Volunteer Spotlight: May 2022

Amazing Volunteers will be celebrated at the Party for the Parks on June 22. Here’s a look back at friends who’ve made a difference to parks in 2021.

Sharon Shinomiya monitored the Blue Bird Trail in Como Park for 11 years before passing the baton in 2021. “Working the Blue Bird Trail has been a great way to get outdoors and hone my observation skills. Como is a good habitat for Blue Birds, full of wide-open spaces to find insects, but it doesn’t have enough natural homes. The increase in Blue Bird trails with dedicated nesting boxes has really helped them come back from decline. During my years volunteering from 2008-2020, 378 Blue Birds fledged in my boxes and a total of 537 native birds fledged along the trail. I’m happy knowing all those birds had a better chance because of those boxes. This is fun, important work. I find now I enjoy the whole of nature, not just birding. I just love to be outside and observe.”

Norma Herther is a volunteer garden steward with the Ramsey Hill Association. “I love to get my fingers dirty! I help keep up Boyd Park on Selby between Farrington and Virginia. The Association volunteers in six parks: Boyd, Cochran, Summit Overlook, Nathan Hale, McQuillan, and the Holly Tot Lot. Each park has its own garden captain. We have over 50 volunteers – some just come on planting days, some weed and water every week. There’s even a man in the neighborhood who roams the area with his own garbage picker! That really instills pride in the area. The more people who are visible in a neighborhood, the more people you know by name, the safer that neighborhood is.”
“Working in the parks is just the best way to meet people. When you talk with a volunteer out there weeding and realize the gardens are maintained by neighbors, it changes how you view the park. You treat the space differently. We get so many new volunteers every year through people just seeing our volunteers at work. It’s an easy way to get involved.”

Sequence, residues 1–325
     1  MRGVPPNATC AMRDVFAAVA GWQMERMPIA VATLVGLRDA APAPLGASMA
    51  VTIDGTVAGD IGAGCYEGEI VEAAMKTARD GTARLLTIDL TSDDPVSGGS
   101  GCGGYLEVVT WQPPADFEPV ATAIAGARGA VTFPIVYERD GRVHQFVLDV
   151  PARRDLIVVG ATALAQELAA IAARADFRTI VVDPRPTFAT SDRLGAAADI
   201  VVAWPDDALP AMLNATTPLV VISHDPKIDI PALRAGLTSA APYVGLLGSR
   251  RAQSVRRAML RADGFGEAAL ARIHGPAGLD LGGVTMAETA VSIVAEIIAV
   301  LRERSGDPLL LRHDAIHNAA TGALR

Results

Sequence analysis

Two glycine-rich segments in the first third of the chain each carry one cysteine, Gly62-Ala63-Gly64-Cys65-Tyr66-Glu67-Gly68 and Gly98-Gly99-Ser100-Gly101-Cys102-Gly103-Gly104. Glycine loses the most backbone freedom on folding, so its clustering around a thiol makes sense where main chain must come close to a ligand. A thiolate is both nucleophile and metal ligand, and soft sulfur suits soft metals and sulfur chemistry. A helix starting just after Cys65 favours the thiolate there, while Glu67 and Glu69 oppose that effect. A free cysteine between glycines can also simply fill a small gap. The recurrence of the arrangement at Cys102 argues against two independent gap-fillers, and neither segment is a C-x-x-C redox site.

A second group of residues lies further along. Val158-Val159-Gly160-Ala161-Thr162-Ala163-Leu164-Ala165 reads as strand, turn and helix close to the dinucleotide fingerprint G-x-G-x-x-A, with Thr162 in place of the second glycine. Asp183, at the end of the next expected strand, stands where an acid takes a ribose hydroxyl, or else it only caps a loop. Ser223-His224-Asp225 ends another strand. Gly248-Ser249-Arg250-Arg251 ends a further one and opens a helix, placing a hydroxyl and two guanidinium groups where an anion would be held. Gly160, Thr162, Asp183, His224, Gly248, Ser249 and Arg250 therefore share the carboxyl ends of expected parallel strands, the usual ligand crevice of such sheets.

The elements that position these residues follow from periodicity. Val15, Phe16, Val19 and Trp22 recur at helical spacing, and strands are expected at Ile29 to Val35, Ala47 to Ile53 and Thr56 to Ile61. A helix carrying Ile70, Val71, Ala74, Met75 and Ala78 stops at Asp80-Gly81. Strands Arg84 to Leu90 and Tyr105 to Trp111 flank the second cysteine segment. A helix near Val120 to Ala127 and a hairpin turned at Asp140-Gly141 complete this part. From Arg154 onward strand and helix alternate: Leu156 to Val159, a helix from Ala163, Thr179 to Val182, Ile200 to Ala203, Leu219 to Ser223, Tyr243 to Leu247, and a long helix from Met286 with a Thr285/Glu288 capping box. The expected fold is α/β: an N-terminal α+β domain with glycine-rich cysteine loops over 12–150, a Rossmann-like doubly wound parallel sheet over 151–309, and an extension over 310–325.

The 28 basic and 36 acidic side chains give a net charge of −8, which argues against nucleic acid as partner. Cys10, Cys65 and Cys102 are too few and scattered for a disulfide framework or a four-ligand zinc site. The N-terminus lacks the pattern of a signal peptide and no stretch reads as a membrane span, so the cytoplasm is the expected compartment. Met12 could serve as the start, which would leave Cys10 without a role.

Jim Stensvold has spent the last decade volunteering in both Saint Paul Parks and National Parks in the area, mostly focused on restoring native prairies and plantings through events like Restore! and fall “Seed Squads.” “After so many years inside an office, I was looking for opportunities to be outside and to connect with nature as I approached retirement. That’s when I really started to volunteer with both the National Park Service and Saint Paul parks. I have taken out a lot of buckthorn! You can look out at the end of the day and really see the impact you’ve made. When you plant an area, it is wonderful to return through the season and over the years to check on its progress.”

Kay and John Buzza have put in more than 89 hours tending the entrance garden at Phalen Park since 2017. “The work brings so much joy to you and to everyone who sees it. People walking by when we’re working tell us how much they appreciate the gardens. And the park staff is so helpful and responsive. There are some wonderful volunteers at the Dragon Garden and the Poetry Garden. We’ve enjoyed getting to know them as well. It’s wonderful to see how the community takes pride and creates beauty for everyone to enjoy in our parks.”

Please join us on June 22 from 5-7 p.m. at the Phalen Picnic Pavilion to celebrate Volunteers of the Year at the Party for the Parks. Volunteers will be honored from many of the parks “Friends” groups and booster clubs across the city, as well as the winner of the Golden Shovel Award.

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